Fountains battle puts residents in spotlight

Neighbors come together
to form RAID and fight
plan for 304 apartments

By kathy baratta
Staff Writer

Fountains battle puts
residents in spotlight
Neighbors come together
to form RAID and fight
plan for 304 apartments
By kathy baratta
Staff Writer

CHRIS KELLY  Sharon Carpenter-Migliaccio and her husband, Jay Migliaccio, of Howell, are among the members of a citizens group called RAID who are opposing a plan put forth by an applicant who wants to build 300 apartments in a development to be called The Fountains.CHRIS KELLY Sharon Carpenter-Migliaccio and her husband, Jay Migliaccio, of Howell, are among the members of a citizens group called RAID who are opposing a plan put forth by an applicant who wants to build 300 apartments in a development to be called The Fountains.

HOWELL — Bucolic bliss are two words that aptly describe the life that Sharon Carpenter-Migliaccio and her husband, Jay, were sharing with their preschool son when their neighbor Elaine Taylor alerted them to a housing project proposal for their neck of the woods that would drastically alter their way of life.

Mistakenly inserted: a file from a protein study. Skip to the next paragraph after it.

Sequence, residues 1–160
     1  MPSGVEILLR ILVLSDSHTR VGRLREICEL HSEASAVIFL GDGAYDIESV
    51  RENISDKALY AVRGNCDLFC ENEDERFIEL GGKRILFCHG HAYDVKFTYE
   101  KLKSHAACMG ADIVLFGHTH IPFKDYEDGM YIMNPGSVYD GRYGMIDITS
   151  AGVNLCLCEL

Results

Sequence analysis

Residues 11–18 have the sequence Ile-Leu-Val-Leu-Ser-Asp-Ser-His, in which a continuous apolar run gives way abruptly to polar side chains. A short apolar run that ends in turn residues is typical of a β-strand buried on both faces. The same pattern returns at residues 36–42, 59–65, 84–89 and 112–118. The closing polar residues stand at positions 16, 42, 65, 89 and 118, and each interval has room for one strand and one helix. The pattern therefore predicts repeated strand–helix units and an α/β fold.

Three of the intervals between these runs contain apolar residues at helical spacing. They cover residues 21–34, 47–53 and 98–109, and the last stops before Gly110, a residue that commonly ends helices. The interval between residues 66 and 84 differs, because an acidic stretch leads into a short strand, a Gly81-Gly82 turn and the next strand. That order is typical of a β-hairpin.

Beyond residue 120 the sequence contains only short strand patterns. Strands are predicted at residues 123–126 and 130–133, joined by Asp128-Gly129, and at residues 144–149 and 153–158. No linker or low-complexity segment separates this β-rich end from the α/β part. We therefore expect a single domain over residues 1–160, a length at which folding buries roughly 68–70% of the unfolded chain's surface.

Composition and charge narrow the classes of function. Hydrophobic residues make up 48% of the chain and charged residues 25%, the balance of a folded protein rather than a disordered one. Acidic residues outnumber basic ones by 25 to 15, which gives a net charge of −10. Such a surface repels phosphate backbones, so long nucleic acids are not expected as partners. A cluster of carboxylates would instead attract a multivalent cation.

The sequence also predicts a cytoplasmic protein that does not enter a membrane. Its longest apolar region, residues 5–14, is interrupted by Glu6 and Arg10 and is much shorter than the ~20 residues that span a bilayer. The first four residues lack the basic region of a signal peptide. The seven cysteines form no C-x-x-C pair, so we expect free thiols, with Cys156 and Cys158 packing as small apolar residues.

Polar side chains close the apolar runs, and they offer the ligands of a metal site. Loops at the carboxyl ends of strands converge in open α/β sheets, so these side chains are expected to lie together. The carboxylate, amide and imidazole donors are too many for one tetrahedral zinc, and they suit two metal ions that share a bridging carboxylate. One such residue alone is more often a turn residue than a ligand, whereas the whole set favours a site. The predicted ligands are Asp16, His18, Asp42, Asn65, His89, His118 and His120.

Tucked quietly down the lane, literally, they were living the American dream in a home previously owned by Sharon’s grandmother.

When Taylor told them about a developer’s proposal to build an apartment complex to be called The Fountains — a major residential development at the edge of their little piece of paradise at the end of Estelle Lane — they knew it was a battle they would have to help fight.

The Fountains, as currently proposed, calls for the construction of 304 apartments on property between Route 9 and Maxim-Southard Road. That is a reduction from an initial plan for 348 units. Planning Board hearings on the application are continuing. The next hearing is scheduled for Dec. 12 at 8 p.m.

Nonetheless, even at the reduced number, the apartment complex featuring a 20 percent set-aside of apartments to be rented to people whose income meets guidelines set by the state Council On Affordable Housing (COAH) was going to be something the Migliaccios, Taylor and other neighbors believed had to be stopped.

Jay Migliaccio said that as he sees it, the opponents of The Fountains are fighting as much for the people who will be "stuck there" as they are for the continuation of the neighborhood’s quality of life. He called the project "an ill-conceived plan in the wrong area."